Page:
You're losing weight?? I'd guess most gain weight when reducing activities..

There are exercises/activities to maintain fitness , that might avoid added symptoms.. Main thing is usually avoid straining like lifting weights or lifting machines...and other head hitting risky activities. Like contact sports & such..

Various types of Yoga, tai chi, floor work, stretches, balance ball/ foam roller
walking/power walking if tolerated
stationary bike/ treadmill if tolerated..

Slow & easy is better than pushing thru any symptoms..or having increased symptoms..
Yea I'm a 16 year old boy with a high-high-metabolism. I've lost 25 pounds almost. I went down from 140 to 115 about after 9 months of not being able to consistently exercise. Right now I'm pretty much limited to walks and I might try riding slow on a bicycle soon if my dizziness subsides.

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Old 03-22-2018, 06:30 AM   #6
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Originally Posted by kiwi33 View Post
"2. Can having an extremely bad headache for a long period of time kill cells in your brain?"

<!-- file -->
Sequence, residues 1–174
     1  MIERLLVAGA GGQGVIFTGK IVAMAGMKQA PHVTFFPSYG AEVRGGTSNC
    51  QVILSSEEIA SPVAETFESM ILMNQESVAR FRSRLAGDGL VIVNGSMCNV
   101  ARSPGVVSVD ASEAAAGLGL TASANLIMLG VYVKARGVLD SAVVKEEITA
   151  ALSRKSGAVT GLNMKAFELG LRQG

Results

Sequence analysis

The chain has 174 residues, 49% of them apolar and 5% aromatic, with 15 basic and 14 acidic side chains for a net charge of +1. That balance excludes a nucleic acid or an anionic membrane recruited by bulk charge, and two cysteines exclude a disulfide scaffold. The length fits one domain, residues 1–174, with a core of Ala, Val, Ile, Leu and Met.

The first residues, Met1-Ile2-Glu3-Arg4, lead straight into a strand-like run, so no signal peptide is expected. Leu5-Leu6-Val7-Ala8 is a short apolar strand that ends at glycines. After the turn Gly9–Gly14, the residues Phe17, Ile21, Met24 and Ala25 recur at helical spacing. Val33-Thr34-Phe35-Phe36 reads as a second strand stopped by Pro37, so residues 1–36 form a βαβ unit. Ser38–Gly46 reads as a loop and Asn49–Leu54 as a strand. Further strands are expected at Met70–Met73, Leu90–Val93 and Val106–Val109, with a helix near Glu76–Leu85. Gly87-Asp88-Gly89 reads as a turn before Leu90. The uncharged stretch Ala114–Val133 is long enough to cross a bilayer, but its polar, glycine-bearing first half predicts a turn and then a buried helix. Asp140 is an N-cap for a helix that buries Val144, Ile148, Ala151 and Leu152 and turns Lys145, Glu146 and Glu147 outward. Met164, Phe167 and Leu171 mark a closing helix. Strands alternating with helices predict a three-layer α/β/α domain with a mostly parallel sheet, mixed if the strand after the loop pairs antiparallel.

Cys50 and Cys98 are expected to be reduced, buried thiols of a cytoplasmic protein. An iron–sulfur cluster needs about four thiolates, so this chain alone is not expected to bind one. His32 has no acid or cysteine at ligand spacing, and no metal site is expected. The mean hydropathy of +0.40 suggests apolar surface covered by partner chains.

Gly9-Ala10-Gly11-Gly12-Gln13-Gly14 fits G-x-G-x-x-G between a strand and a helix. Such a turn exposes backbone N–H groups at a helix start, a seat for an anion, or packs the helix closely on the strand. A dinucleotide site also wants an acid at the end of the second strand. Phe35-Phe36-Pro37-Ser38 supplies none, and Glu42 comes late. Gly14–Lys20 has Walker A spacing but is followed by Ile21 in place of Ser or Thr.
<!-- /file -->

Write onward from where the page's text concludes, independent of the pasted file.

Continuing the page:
I doubt it unless the headache arises from something which is not related to PCS/TBI.
Yea that's what I thought. My PT said that if it gets up too high into that 7 to 10 range I'm at risk of killing nerve cells in my brain. Sounds strange because there are plenty of people with chronic migraines that get into the 7-10 range.

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Old 03-22-2018, 11:23 AM   #7
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According to research done at the University of Utah, headaches, including migraines, do not cause cell death except in a very small group who suffer a migrainous infarction. "You're more likely to be struck by lightning,"

Migraines: Do They Damage Your Brain?

Notice, he said the person may experience slow thinking or such for hours to even a few days but this is not from damage.

I've seen similar comments made by other doctors and researchers.